South Dakota Governor Vows To Defend Mt. Rushmore From Anti-Monument Activists

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As statues and monuments across the nation are being torn down—whether or not the subjects had anything to do with racism, slavery, or oppression—the eyes of the leftist historical revisionist mob have now turned to Mount Rushmore.

South Dakota Governor Kristi Noem (R) says that the iconic monument to four of the nation’s past presidents nestled in the Black Hills of her state will not come to any harm on her watch.

In a tweet earlier this week, The Daily Wire editor-in-chief Ben Shapiro said of the statue-toppling trend, “So, when is our woke historical revisionist priesthood going to insist on blowing up Mount Rushmore?”

Gov. Noem responded firmly in the negative.

According to USA Today, it’s more than just the slave-owning past of George Washington and Thomas Jefferson that is the subject of controversy:

Native American tribes were given the Black Hills in perpetuity in the Fort Laramie Treaty of 1868. But miners seeking gold came into the area in an expedition led by Gen. George Custer in 1874 and demanded the U.S. Army’s protection. The Indian Appropriations Act of 1876 cut off all rations until the Lakota ended hostilities and ceded the Black Hills to the federal government.

The U.S. Court of Claims found in 1979 that the Sioux Nation was entitled to $17.1 million in compensation due to the federal government’s seizure of the Black Hills. The following year, U.S. Supreme Court decided 8-1 that the federal government had violated the Fifth Amendment and the tribes were entitled to compensation in United State v. Sioux Nation of Indians. The tribes declined the compensation because it would legally end their demand for the Black Hills to be returned to them.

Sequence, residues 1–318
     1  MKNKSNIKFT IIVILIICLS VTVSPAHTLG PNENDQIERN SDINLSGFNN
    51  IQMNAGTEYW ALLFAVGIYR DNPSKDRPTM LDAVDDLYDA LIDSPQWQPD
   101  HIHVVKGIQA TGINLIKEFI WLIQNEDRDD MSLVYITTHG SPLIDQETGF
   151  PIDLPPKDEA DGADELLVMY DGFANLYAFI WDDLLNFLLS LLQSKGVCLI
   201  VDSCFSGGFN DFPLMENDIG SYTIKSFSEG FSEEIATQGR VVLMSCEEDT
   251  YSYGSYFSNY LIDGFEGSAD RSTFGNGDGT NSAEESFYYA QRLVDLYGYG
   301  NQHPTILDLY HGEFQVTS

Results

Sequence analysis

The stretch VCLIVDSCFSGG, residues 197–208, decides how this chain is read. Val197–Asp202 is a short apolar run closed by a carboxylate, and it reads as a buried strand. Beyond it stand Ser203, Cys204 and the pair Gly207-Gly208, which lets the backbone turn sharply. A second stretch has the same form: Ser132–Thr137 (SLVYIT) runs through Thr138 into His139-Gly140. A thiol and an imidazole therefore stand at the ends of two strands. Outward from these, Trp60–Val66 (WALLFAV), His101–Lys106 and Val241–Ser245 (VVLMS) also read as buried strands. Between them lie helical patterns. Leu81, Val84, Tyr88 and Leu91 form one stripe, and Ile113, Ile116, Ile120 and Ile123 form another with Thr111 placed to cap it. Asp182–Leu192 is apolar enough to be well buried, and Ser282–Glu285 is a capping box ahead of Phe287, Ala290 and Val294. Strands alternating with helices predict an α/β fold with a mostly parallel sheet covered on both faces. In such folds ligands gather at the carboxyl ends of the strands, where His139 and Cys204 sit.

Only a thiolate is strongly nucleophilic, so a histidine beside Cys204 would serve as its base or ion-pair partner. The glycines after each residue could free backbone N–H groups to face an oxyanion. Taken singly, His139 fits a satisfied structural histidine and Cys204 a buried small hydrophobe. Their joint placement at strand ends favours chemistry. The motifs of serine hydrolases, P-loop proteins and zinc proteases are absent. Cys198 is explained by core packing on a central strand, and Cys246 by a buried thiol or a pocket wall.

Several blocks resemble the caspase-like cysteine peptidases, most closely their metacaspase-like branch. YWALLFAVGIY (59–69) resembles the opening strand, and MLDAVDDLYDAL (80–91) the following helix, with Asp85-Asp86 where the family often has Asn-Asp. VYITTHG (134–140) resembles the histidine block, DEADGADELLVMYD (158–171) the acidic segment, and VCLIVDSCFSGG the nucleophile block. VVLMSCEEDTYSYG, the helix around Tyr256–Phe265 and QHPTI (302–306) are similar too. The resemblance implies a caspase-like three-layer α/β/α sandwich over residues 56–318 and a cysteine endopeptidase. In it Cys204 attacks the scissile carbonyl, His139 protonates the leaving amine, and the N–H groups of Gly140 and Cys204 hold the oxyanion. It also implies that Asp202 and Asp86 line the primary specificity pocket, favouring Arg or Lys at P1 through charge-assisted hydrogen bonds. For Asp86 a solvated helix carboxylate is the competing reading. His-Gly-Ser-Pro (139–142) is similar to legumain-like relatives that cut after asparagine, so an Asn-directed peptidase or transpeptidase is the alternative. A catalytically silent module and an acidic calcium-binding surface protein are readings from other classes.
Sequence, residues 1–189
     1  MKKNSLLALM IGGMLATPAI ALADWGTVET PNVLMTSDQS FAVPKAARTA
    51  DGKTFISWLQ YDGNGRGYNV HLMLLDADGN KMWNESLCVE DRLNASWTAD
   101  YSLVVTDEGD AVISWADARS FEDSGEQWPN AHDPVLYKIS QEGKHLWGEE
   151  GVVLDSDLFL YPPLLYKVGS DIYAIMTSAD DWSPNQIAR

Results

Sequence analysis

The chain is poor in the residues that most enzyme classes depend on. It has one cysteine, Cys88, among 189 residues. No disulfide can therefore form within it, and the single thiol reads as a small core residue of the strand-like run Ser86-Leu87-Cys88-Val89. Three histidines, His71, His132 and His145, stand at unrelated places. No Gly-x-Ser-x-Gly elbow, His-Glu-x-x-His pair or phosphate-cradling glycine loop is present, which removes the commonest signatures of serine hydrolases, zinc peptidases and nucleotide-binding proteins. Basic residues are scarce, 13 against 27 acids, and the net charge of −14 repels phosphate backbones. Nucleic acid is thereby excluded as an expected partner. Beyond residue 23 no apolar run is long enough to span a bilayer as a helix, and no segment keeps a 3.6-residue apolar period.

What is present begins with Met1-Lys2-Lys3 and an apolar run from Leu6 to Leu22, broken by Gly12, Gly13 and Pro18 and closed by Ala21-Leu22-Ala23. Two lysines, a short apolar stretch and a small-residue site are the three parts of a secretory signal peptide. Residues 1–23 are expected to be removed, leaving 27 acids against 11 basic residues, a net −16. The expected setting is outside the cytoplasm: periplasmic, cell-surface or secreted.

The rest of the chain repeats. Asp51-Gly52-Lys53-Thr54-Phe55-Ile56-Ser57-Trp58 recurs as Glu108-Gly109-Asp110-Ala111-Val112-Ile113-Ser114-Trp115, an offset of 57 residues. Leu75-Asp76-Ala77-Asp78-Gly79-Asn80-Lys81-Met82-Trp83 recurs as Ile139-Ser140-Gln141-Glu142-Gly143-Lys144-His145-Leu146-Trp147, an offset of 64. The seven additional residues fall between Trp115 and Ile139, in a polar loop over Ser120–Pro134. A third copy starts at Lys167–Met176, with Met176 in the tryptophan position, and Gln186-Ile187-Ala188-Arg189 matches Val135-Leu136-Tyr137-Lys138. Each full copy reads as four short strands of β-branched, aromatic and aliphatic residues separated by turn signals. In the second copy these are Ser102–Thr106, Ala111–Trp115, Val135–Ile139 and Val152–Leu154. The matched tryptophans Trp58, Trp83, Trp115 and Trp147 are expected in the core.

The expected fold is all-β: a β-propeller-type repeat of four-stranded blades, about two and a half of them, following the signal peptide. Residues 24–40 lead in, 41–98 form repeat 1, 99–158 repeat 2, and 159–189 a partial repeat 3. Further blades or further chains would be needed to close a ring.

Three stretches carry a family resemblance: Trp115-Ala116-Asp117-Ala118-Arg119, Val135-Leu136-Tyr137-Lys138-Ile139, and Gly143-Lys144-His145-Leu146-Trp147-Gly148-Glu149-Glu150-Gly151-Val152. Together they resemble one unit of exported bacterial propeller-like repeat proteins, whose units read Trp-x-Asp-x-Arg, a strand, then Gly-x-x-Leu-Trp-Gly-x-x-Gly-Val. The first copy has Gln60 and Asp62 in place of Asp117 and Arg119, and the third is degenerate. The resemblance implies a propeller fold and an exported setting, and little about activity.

Several requests were denied in the early 1980s to return millions of acres of the Black Hills to the tribes, as well as bills in Congress that would have returned some of the land.

Efforts to settle the dispute over the land were reignited back in 2009, USA Today adds, noting that in 2012 the United Nations issued a report calling for the indigenous land, including the Black Hills, to be returned.

The monument, which also features the likenesses of Abraham Lincoln and Theodore Roosevelt, will soon be the focus of attention again when President Donald Trump and Noem visit on July 3 for the monument’s first fireworks display in over a decade.

In a memo of disapproval, Oglala Sioux President Julian Bear Runner said that the president failed to consult with tribal leaders about the visit to the Black Hills, which the Sioux consider part of their Great Sioux Reservation and claim was never ceded to the United States government. Therefore, Bear Runner said, Trump’s visit required consultation between the tribes and the federal government.

Bear Runner also believes that the monument should come down.

“I don’t believe it should be blown up, because it would cause more damage to the land,” he said, noting the process could cause unintended damage. “Removed but not blown up.”

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